AskMen, “the leading online magazine for men,” has just launched an ebook publishing program, using the PressBooks Publisher Platform to manage the front-end catalog/website, and back-end ebook production. In the year-and-a-bit since PressBooks launched publicly, we’ve worked with many traditional book publishers, big and small. But what’s most interesting to us is non-traditional book publishers entering the ebook space, because they have the flexibility to approach book publishing in whole new ways.
Especially interesting to us are successful web publishers, mainly because web publishers have the most direct understanding of their readers, and reader behaviour. This skill, and approach, will be critical, we believe, as book publishing evolves. Web publishing is an analytics-driven business. In the ebook world, timely analytics are very hard to come by. And generally, analytics is not something most book publishers prioritize in their business. We believe this will change, as book publishing becomes increasingly digital.
In the interview below, I explore the issue of web vs. ebook analytics with Emma McKay, managing editor of AskMen’s online magazine, and the leader of their ebook publishing program.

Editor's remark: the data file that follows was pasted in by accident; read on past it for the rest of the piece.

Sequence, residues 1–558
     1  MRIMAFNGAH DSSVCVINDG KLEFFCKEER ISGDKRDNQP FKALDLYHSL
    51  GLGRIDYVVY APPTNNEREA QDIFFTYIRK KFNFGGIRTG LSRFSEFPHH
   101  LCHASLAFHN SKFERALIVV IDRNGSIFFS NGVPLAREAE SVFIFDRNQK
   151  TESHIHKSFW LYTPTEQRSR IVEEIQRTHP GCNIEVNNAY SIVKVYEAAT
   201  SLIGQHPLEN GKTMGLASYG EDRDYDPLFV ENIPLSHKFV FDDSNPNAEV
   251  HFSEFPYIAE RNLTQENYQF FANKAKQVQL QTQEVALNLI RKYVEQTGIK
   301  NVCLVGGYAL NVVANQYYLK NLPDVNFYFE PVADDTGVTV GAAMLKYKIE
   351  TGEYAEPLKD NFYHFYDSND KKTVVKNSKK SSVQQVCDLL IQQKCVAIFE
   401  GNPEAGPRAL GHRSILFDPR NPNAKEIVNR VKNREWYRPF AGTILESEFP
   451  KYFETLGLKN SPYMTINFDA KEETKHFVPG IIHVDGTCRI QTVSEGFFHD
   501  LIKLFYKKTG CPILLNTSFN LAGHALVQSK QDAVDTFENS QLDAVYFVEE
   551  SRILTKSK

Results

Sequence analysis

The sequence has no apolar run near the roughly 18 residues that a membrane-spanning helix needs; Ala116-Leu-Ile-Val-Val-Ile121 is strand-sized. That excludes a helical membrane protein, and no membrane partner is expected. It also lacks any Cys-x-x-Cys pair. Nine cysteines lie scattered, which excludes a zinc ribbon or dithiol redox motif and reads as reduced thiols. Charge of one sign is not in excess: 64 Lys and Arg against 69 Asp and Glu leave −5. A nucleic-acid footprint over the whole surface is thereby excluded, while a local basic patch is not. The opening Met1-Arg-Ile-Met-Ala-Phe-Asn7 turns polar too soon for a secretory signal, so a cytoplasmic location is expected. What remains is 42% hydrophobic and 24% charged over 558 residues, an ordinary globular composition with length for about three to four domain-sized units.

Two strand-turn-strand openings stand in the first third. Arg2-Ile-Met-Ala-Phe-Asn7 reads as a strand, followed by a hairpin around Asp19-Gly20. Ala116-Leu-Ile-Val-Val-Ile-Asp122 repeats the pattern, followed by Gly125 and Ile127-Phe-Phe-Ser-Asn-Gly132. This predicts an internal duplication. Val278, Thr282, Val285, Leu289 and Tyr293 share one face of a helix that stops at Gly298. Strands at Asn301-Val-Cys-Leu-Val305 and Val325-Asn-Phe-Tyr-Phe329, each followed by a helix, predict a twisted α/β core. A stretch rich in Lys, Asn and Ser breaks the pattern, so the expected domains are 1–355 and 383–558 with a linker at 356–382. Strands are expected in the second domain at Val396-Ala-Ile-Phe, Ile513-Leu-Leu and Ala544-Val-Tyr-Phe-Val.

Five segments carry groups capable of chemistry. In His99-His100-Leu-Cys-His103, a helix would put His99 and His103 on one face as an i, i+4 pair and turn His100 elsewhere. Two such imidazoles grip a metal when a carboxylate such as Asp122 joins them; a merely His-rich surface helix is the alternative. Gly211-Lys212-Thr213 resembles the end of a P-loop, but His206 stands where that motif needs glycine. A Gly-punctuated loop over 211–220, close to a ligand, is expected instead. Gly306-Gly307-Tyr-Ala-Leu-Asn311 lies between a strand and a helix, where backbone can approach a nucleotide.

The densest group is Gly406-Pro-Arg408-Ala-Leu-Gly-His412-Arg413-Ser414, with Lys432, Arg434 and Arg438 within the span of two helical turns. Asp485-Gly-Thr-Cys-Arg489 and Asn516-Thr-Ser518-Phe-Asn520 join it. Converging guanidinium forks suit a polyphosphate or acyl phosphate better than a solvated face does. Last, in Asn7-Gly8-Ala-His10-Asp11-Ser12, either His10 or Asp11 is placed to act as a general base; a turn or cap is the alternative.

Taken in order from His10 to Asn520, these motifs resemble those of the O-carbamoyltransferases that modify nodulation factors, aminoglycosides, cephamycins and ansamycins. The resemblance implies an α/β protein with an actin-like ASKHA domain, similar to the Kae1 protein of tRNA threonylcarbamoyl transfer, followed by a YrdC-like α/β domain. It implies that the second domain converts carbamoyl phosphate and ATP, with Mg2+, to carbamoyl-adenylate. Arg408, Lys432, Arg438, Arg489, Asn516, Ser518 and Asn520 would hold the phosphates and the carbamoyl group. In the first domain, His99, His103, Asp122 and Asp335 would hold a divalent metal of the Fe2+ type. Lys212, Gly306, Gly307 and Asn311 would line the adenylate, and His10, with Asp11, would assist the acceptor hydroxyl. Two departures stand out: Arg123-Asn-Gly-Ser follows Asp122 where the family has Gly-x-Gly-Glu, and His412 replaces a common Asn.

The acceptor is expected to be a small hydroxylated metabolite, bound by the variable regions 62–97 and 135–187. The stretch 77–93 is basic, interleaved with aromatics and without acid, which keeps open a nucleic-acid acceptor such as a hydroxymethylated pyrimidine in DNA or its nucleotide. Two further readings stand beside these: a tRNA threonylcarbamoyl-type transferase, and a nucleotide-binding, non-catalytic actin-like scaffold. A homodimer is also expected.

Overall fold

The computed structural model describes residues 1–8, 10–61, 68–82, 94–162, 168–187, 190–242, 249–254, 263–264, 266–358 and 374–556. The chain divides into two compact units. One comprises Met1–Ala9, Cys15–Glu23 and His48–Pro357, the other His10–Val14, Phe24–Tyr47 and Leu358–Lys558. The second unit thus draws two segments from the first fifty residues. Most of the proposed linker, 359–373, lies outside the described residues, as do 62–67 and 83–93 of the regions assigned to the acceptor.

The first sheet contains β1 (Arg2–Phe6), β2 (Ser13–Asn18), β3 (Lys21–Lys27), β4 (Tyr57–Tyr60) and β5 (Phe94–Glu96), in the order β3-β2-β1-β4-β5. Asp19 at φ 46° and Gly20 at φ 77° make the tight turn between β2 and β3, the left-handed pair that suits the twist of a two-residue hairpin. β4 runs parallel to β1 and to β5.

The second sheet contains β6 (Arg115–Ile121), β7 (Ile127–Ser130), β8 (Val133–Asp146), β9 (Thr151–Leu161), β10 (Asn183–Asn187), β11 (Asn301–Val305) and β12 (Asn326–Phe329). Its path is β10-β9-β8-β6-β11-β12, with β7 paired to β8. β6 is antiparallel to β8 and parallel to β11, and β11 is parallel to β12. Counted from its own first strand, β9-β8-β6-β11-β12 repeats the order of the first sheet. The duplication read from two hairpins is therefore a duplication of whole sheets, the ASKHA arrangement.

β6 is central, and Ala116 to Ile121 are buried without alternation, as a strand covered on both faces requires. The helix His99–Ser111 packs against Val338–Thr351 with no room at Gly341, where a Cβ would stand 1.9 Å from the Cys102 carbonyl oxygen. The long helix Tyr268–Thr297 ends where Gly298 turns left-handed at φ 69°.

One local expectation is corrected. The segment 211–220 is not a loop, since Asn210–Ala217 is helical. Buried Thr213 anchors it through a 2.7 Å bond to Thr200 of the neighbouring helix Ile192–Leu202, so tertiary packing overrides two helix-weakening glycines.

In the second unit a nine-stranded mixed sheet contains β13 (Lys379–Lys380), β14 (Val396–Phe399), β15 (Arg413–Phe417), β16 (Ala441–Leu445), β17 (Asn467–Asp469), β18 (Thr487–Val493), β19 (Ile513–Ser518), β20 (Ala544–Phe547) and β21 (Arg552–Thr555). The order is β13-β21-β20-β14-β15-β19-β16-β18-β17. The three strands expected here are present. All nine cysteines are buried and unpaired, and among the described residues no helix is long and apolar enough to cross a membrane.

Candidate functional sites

Hugh McGuire: Can you define “analytics” for me, as it relates to your web publishing business?
Emma McKay: We use a variety of metrics to assess the success of any piece of content we publish. Different sets of data, from Google Analytics to comScore data to various kinds of social engagement, shed different kinds of light on how readers discover and consume our content. We keep an eye on this information, and if an article’s not performing for us, we’ll try changing the headline or image or even the position of the piece on the homepage before we scrap it altogether.
HM: Why is analytics important for web publishing?
EM: It reveals whether or not our efforts are effective. Analytics provides real-time insights that support our decisions, helping us ensure we are putting our energies into the projects that will deliver the greatest results.
Also, since AskMen is free to read, ad revenue is key for us, and advertisers need to know how their ads are performing. When we’re able to deliver real and impressive numbers, more interesting things become possible.
HM: How does analytics data from past web articles inform your decisions about the articles you publish now, and what you publish in the future?